Open the “courtyard” to the North and South

Push in back of site

“Grow” elements to join

Cut out private outdoor spaces

Stage 1

Maximise North and South faces

“Grow” elements to join

Process Steps: Stage 2

Extend ground floor and socila hub

Add tower for apartments

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Final Form

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PlanďźšGround Level

Site// Adelaide CBD

Tutor// Francesco Bonato


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PlanďźšLevel 7

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Site// Adelaide CBD

Tutor// Francesco Bonato


The programs we needed to include were disability and independent living units, office spaces, market apartments, auditorium, social service hub, and retail. The challenge was mixing these diverse programs together; there is separate circulation for the office workers to the independent living units. The building is designed to give the residents of the independent living units a choice of interaction. They can be isolated in their own private apartment, use their semi-public outdoor area (which is shared between several apartments), use the social podium (which is shared between all occupants of the building), or go to the ground level.

33 Uniting Communities // Fifth Year


A B

B

C

C

Site// Adelaide CBD

1

2

3

Tutor// Francesco Bonato

A A_105

A A_105

4

A

D

D

E

E

F

F

H

Zoomed PlanďźšLevel 25

I J K

Detail Plan : Shading system

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Detail Section


The skin of the building was inspired by the roof of the existing church. The North faรงade was designed to individually open and close. This provides privacy as well as the choice of more shade during summer. This system also created a dynamic faรงade which is forever changing as residents control their environment.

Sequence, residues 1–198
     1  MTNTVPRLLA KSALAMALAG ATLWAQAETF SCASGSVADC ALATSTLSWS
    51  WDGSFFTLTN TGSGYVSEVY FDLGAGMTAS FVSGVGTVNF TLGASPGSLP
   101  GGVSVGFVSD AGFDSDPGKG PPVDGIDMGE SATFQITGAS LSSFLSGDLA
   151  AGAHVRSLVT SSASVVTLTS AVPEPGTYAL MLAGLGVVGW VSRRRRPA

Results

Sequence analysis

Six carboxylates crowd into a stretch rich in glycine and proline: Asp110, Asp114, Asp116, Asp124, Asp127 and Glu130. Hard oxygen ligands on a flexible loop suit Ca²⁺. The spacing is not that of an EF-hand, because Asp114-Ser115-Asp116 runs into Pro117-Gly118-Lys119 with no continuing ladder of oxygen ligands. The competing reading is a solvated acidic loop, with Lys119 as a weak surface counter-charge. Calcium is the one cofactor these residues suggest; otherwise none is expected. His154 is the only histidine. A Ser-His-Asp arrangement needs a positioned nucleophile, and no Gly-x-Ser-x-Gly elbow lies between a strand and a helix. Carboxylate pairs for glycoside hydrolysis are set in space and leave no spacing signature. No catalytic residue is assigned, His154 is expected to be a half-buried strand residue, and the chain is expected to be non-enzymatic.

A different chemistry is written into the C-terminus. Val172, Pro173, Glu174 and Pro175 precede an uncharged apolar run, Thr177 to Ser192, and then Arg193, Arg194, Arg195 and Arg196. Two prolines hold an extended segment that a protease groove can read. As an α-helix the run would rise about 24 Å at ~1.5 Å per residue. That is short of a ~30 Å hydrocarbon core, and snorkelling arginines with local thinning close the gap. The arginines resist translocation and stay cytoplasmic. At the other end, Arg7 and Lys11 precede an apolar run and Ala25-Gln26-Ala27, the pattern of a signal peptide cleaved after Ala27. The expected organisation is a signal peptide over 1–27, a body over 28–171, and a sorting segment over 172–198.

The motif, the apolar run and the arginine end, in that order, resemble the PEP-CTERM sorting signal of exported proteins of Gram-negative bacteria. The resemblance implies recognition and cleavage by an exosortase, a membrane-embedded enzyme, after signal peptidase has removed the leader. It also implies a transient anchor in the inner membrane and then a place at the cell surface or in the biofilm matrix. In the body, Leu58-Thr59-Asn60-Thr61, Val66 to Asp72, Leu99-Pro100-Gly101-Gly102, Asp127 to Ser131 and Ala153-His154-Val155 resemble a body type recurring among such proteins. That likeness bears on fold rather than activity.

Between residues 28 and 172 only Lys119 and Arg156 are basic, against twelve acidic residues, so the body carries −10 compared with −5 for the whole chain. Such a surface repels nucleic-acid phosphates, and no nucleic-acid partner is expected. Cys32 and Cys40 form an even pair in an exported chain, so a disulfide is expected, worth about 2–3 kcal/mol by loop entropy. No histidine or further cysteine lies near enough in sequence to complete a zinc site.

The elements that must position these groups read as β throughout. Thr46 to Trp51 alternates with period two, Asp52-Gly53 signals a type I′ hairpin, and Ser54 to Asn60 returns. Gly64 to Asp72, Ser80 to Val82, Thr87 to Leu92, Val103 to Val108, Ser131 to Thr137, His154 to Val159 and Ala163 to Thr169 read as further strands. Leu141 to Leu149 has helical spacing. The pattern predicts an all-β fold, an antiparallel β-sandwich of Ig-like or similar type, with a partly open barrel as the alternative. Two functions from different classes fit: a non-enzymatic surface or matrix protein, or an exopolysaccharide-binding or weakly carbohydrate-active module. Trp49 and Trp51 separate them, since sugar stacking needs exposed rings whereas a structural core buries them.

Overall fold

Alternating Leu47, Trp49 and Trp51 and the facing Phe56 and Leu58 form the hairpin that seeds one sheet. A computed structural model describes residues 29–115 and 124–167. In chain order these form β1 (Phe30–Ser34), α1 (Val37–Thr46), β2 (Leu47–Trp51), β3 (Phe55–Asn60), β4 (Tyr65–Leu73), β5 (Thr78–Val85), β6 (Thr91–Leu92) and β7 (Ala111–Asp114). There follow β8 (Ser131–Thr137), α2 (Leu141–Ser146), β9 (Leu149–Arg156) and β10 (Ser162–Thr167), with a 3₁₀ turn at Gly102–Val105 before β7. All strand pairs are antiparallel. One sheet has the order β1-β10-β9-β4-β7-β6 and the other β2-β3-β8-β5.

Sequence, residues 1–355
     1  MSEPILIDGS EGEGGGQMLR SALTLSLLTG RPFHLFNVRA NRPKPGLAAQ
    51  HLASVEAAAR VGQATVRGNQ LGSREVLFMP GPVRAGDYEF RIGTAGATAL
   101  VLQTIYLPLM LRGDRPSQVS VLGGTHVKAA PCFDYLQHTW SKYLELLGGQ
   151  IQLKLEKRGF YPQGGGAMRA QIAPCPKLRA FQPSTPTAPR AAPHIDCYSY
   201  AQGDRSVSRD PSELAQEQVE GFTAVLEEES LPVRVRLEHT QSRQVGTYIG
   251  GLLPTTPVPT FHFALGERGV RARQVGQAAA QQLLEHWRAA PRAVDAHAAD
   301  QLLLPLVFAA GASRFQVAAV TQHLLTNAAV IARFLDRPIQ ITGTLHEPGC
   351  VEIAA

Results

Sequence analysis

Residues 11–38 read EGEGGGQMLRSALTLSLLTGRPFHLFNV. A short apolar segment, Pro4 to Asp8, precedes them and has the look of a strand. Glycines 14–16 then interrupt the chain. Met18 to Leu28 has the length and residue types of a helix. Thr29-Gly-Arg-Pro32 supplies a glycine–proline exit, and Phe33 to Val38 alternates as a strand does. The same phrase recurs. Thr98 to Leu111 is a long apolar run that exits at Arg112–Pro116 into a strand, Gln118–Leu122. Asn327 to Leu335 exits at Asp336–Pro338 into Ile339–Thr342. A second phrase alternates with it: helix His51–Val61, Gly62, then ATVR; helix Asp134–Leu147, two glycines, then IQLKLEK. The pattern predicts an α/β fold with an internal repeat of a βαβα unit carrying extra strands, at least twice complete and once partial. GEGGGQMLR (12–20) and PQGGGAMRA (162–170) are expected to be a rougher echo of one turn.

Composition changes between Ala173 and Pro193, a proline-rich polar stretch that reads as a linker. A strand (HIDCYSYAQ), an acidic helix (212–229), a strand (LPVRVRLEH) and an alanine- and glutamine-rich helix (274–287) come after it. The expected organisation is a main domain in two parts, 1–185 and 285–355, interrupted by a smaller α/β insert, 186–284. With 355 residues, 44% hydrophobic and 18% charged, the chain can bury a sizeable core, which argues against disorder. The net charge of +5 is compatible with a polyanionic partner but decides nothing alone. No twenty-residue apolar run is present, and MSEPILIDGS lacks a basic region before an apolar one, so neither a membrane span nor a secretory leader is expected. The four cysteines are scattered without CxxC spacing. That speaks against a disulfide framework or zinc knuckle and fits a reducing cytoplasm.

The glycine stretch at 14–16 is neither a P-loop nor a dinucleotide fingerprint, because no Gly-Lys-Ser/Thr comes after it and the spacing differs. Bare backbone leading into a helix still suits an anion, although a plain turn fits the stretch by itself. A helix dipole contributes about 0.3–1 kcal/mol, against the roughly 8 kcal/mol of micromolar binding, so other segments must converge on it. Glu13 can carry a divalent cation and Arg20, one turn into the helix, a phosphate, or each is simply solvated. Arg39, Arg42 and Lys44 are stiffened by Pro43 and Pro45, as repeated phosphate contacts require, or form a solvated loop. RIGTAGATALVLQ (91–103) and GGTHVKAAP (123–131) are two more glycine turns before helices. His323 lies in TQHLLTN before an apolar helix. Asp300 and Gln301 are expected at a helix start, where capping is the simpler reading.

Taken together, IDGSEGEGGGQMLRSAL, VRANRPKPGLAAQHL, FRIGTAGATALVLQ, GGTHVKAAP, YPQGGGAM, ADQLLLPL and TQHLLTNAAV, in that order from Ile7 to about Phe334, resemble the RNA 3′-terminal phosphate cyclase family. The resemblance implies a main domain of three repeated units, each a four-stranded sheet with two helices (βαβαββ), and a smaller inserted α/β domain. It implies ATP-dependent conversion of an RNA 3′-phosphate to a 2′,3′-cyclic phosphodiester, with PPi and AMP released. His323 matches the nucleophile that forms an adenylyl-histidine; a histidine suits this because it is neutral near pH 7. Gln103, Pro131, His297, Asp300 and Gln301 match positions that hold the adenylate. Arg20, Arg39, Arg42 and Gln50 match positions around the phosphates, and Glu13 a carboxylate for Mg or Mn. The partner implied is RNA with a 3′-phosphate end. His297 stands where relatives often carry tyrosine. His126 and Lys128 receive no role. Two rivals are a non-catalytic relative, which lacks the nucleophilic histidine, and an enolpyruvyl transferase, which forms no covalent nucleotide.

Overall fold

A

Zoome d

B

C

D

E

F

Section

35 Uniting Communities // Fifth Year


Tutor// Jo Russell-Clarke Site// Adelaide CBD

The site was located in an area of Adelaide’s CBD which is notorious for a high density and variety of restaurants. It is an area where many of the nearby office workers come for lunch. There are many food halls which have a wide range of cuisines and create some of the best food in Adelaide, yet the areas where you eat the food are dark, windowless halls.

T h e

T a b l e

The first aim of this project was to create a space to eat that reflected the quality of the food being produced in this area. The second major theme explored, was the effects of dense urban living on mental health. As one of the neighbouring buildings offers social housing, one of the tasks was to tie these individuals back into society.

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37 The Table // Fourth Year


Tutor// Jo Russell-Clarke Site// Adelaide CBD Master Plan

Did you know urban living was found to raise the risk of anxiety disorders and mood disorders by 21% and 39% respectively? Scientists believe there are a few reasons for this; many people do not feel like they are part of a community, and although they are surrounded by people, have very limited interactions.

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The Table aims to provide a new space where people can interact and be part of a community which can often be lost in dense urban cities. A single ribbon of steel stretches from one side of the site to the other, offering a variety of communal dining experiences. Each zone of the table is designed around its surrounding typology and aims to encourage people to sit, chat and eat together. The intervention itself is relatively small, however, the spaces it creates around it are extremely dynamic and can host a variety of events and interactions. From day to day life to special events, “The Table� encourages social interaction.

Identify key zones

Design seating to immediate context

Connect the zones

Manipulate ground plane to accomidate other forms of social interaction

39 The Table // Fourth Year


The Table offers a very dynamic plan. While the four zones are fixed in place, all the seating that connects them is able to be moved into several positions. This allows for the space to host a series of different events such as markets, sporting events, performances and exhibitions, as well as day to day use for office workers to have lunch.

Zoome d Section

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Preformance

Sports Event

Markets

41 The Table // Fourth Year

Scott Murdoch Architecture Portfolio  

An architectural portfolio of university work